The Emperor of All Maladies

By Siddhartha Mukherjee (Scribner)

For 4,000 years, cancer has stalked us. Even as cholera and tuberculosis—the scourges of the 19th century—wilted in the wake of medical advancements and vigorous public health campaigns, the cancer cell continued to bloom. Ubiquitous but taboo (The New York Times refused to print the very word in its pages during the early 1950s), cancer is the “morbid, hypnotic” villain of Siddhartha Mukherjee’s stirring saga,The Emperor of All Maladies. From the simplest questions—how old is cancer? what does it look like?—Mukherjee, a physician and professor, plunges us into a sweeping history with a colorful cast of renegade scientists, their patrons, and patients. With a Dickensian command of character and an instinct for the drama of discovery, he makes science not merely intelligible but thrilling. And he leads us out of the lab to illustrate how profoundly political medicine can be, whether describing how feminists agitated against disfiguring mastectomies or how 1980s AIDS activists inspired cancer patients to fight for drug approvals. From the story of the Persian queen Atossa, who survived a crude lumpectomy in the fifth century B.C., to the prevaricating of American tobacco companies since the ’50s, Mukherjee tells a compulsively readable, surprisingly uplifting and vivid tale.

How to Become a Scandal: Adventures in Bad Behavior

By Laura Kipnis (Holt)

Parul Sehgal, Bookforum Sept. 20, 2010

Everything you think you know about James Frey is wrong. You’re wrong about Eliot Spitzer, too, and Linda Tripp, and any number of those nutty and libidinous rogues in our public pillories. According to Laura Kipnis’s coruscating new study of scandal, what we talk about when we talk about transgression is in a terrible muddle. We can’t explain why one public figure’s infidelities outrage us while another’s are ignored; why some can rehabilitate their reputations while others are permanent pariahs. “We lack any real theory of scandal,” writes Kipnis, whose taxonomy of misbehavior leads us “like latter-day Darwins in the Galapagos of human peccadillo,” tramping through the tabloid muck in search of specimens.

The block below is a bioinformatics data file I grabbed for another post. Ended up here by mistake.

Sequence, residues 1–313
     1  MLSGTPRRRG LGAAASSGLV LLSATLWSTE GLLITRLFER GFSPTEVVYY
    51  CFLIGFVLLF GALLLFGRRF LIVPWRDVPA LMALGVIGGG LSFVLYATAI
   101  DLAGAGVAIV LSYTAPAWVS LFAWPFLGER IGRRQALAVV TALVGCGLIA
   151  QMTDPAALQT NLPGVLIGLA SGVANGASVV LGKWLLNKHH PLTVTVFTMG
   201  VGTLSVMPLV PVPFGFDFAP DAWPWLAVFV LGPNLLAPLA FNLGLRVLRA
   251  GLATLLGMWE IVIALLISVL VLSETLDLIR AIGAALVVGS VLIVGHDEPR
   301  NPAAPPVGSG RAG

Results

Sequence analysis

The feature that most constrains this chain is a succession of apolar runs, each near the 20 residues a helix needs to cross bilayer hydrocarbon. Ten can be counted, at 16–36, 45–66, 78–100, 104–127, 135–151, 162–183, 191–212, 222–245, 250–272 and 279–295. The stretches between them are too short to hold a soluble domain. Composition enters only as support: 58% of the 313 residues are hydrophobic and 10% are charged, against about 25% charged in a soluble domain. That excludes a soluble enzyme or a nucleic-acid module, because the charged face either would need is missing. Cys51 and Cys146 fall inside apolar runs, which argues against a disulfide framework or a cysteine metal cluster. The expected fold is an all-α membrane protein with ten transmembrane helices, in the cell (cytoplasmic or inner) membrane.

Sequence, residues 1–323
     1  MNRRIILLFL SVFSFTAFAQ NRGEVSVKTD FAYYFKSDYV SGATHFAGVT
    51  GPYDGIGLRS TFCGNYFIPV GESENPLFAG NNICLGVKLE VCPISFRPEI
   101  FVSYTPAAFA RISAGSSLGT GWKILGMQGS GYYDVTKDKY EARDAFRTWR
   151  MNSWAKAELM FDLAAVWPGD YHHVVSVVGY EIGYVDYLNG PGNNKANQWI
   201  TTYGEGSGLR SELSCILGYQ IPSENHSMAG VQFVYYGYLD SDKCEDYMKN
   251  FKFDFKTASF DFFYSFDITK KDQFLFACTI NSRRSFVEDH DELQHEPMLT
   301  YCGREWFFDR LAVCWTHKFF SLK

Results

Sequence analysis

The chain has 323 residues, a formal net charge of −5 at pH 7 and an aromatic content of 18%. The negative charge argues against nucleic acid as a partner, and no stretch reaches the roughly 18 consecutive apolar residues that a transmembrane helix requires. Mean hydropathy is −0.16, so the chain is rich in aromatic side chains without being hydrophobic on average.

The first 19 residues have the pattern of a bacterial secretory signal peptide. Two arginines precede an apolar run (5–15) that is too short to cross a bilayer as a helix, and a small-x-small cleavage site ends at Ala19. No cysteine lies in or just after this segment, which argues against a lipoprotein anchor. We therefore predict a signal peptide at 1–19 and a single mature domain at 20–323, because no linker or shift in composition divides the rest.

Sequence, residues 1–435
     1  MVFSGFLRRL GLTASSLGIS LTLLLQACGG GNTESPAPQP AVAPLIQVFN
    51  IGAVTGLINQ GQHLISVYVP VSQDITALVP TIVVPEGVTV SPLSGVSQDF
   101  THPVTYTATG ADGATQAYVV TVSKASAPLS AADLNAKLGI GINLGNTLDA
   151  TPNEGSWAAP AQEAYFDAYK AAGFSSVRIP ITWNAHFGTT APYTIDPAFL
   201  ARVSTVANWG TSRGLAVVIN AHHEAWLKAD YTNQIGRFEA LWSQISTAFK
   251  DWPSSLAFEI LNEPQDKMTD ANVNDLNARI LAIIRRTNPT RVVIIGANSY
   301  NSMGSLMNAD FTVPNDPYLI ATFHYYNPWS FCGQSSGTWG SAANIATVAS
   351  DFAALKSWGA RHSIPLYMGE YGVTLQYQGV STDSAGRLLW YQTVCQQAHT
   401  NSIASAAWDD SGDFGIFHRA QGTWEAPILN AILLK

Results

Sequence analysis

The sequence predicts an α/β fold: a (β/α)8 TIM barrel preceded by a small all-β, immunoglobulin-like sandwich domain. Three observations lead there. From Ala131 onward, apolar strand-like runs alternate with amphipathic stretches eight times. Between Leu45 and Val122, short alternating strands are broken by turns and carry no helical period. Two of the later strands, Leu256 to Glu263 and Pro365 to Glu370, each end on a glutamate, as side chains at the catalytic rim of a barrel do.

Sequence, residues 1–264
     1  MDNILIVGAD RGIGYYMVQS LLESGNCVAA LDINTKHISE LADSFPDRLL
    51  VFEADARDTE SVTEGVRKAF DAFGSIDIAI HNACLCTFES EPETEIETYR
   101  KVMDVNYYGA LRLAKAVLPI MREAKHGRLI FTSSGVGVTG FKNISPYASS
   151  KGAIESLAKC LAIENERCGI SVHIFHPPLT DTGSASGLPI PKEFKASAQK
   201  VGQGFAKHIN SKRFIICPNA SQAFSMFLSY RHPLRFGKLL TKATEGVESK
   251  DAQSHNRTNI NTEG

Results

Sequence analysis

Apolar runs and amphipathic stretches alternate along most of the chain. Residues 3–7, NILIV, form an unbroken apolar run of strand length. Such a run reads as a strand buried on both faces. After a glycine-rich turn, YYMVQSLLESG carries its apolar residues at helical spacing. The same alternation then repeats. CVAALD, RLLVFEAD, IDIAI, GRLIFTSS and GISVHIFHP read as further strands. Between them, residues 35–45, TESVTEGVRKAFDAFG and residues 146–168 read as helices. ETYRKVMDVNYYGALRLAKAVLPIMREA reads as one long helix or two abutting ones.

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The Pregnant Widow

By Martin Amis (Knopf, $26.95)

Parul Sehgal, Time Out New York / Issue 763 : May 13–19, 2010

For all its ambition and verbal pyrotechnics, Martin Amis’s The Pregnant Widow is basically a book about boys and girls—or rather, one boy and many girls. It’s Amis’s most nakedly autobiographical novel since The Rachel Papers, and when the narrator tells us, “Everything that follows is true,” it isn’t difficult to believe that Amis himself passed—as the book’s Keith Nearing does—a sexually transformative and traumatizing summer in a castle in Italy on the cusp of the 1970s. And it’s not just any castle—it’s where D.H. and Freida Lawrence once vacationed. The book is drenched in allusion, not least because twentysomething Keith is a sad young literary man reading his way through the canon of the English novel. When, that is, he’s not having dull sex with his dull girlfriend, Lily, and mooning over her pneumatic (and ponderously named) best friend, Scheherazade.

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Elif Batuman & The Possessed

Parul Sehgal, Time Out New York / Issue 754 : Mar 11–17, 2010

You’re extremely critical of modern fiction—and particularly of the American short story. Are there contemporary fiction writers you do enjoy?